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Bureau International des Poids et Mesures

Guide to
the Realization of the ITS-90

Fixed Points: Influence of Impurities

APPENDIX 1: Derivation of an approximate relation


between the equilibrium distribution coefficient and
thermodynamic quantities

Consultative Committee for Thermometry


under the auspices of the
International Committee for Weights and Measures
Guide to the Realization of the ITS-90
Fixed Points: Influence of Impurities – Appendix 1

APPENDIX 1

Derivation of an approximate relation between the equilibrium


distribution coefficient and thermodynamic quantities

At an equilibrium solid-liquid phase transition, the chemical potentials of the host


material A in the liquid (lA) and solid phases (sA) have to be equal:
lA = sA , (A1.1)

where their general expressions are:

 alA 
lA   0  RT ln  ,
0  (A1.2)
 lA 
a
lA

 asA 
sA   0  RT ln  .
0 
(A1.3)
 sA 
a
sA

In these expressions, a is the symbol for the chemical activity, and the zero marks the
reference values. If the pure host material A is used as the reference, one has
0
asA  alA
0
 1 , and (A1.4)

A0   lA0   sA0  GMA , (A1.5)

with GMA being the free enthalpy of fusion of material A. For ideal solutions, the
chemical activity a is equal to the concentration c. In a binary system, the
concentrations of the components A and B are directly linked: csA = 1-csB and
clA = 1-clB. From Equations (A.1) to (A.5) it follows in this case:

 1  csB 
GMA  RT ln   . (A1.6)
 1  clB 
For small concentrations of component B, the following approximation can be used:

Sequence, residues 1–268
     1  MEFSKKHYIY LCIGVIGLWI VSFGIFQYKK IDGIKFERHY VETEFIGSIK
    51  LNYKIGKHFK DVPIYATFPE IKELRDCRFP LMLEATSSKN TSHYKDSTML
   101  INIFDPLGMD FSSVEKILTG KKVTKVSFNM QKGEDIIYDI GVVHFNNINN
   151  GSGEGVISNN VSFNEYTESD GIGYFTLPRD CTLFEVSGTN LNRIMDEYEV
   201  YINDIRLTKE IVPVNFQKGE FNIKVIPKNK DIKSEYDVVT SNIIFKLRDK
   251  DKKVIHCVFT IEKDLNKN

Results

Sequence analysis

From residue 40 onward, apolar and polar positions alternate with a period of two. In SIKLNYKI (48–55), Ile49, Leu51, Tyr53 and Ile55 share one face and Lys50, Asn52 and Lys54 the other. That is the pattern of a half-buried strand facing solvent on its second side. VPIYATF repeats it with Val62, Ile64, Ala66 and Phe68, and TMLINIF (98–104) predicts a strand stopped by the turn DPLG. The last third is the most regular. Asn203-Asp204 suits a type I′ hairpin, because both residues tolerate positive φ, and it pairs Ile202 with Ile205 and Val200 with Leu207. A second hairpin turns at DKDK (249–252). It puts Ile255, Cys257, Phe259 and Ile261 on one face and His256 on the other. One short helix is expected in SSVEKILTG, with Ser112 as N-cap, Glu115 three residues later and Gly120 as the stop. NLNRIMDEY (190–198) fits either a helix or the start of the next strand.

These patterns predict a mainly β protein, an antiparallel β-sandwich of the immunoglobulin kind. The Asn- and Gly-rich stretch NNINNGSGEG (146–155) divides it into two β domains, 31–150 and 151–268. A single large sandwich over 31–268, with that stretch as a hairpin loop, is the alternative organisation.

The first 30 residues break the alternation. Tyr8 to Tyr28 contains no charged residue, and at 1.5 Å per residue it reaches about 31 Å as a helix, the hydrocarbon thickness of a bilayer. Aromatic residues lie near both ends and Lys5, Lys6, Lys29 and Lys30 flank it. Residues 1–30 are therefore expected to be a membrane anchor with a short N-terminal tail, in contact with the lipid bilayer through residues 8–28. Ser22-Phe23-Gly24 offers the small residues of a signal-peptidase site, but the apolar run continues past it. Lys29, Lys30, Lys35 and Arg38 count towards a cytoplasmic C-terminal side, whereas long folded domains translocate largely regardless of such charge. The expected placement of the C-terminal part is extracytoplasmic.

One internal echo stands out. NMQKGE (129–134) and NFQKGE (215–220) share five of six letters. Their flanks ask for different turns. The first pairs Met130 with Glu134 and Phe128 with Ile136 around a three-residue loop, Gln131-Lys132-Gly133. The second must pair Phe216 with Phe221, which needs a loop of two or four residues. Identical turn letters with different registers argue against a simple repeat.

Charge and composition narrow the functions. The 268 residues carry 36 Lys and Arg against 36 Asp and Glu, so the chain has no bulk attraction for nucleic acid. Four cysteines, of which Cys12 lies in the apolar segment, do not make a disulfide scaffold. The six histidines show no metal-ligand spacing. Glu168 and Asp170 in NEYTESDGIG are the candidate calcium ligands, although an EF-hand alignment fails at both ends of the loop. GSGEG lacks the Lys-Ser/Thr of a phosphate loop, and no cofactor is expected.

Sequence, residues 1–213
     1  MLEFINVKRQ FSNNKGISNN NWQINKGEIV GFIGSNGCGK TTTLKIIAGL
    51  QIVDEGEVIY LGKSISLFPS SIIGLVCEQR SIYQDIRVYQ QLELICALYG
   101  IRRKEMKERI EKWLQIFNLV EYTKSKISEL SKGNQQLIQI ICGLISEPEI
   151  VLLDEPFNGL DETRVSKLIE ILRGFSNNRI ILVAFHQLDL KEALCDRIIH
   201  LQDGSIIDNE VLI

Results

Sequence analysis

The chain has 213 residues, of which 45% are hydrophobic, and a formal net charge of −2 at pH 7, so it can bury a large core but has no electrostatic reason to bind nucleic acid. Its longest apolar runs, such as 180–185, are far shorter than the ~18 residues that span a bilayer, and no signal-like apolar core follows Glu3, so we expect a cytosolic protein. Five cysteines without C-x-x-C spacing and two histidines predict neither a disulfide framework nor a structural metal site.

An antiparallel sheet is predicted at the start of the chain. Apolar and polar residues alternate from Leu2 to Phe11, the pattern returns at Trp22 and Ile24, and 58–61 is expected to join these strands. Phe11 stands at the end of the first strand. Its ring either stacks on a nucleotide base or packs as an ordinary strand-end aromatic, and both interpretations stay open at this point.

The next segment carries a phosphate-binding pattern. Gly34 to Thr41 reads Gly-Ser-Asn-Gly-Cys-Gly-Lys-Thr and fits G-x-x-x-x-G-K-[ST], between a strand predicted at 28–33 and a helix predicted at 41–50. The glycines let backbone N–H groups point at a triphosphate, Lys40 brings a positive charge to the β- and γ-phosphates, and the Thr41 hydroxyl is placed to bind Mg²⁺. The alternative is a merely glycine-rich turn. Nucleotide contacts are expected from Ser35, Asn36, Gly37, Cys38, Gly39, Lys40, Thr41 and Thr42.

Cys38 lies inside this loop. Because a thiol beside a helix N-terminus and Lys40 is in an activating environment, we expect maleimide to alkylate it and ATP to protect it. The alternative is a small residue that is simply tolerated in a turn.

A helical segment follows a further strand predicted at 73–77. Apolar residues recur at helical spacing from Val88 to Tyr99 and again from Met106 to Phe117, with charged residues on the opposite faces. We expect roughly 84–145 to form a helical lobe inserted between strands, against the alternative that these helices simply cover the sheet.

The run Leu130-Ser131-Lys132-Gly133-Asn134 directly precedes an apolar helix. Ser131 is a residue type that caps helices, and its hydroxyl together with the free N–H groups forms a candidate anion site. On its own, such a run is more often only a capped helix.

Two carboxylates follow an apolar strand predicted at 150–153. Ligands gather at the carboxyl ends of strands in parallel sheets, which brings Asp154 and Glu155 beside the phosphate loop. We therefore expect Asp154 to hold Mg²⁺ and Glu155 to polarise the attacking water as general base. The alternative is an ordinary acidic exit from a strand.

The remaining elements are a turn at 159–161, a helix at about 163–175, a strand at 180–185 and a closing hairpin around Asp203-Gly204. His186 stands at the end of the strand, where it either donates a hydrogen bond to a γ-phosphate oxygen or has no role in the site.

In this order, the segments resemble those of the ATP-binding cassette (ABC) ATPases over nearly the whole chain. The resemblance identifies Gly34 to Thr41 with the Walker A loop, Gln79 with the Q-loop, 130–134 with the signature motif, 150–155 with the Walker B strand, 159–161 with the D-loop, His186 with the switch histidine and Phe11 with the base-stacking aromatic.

 1  csB  (A1.7)
ln    (clB  csB ) .
 1  clB 
The application of the Gibbs-Helmholtz equation (G = H – TS) to the melting
yields
GMA  H MA  T SMA , (A1.8)

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Guide to the Realization of the ITS-90
Fixed Points: Influence of Impurities – Appendix 1

where HMA is the enthalpy of fusion and SMA = HMA/TMA is the entropy of fusion
(TMA melting temperature of the pure material A). Since the equilibrium distribution
coefficient is defined by k0B  csB / clB , Equations (A.6) to (A.8) yield

H MA (TMA  T )
k0B  1  . (A1.9)
RTclBTMA

For small concentrations of component B, it is furthermore possible to assume that


T  TMA and HMA is independent of concentration and temperature, i.e.
Equation (A.9) can be simplified further:

H MA (TMA  T ) (T  T ) (A1.10)
k0B  1  2
 1  A MA .
RTMA clB clB

In Equation (10), A is the first cryoscopic constant. Since the ratio (T-TMA)/clB is
practically equal to the slope of the liquidus line mlB  l / clB , one obtains finally
the following approximate relation

mlB  l / clB  (1  k0B ) / A . (A1.11)

In summary, the following assumptions were made for deriving Equation (A.11) at
low concentrations of component B: (i) ideal solution, (ii) Relation (7), (iii) T  TMA,
and (iv) HMA is independent of concentration and temperature.

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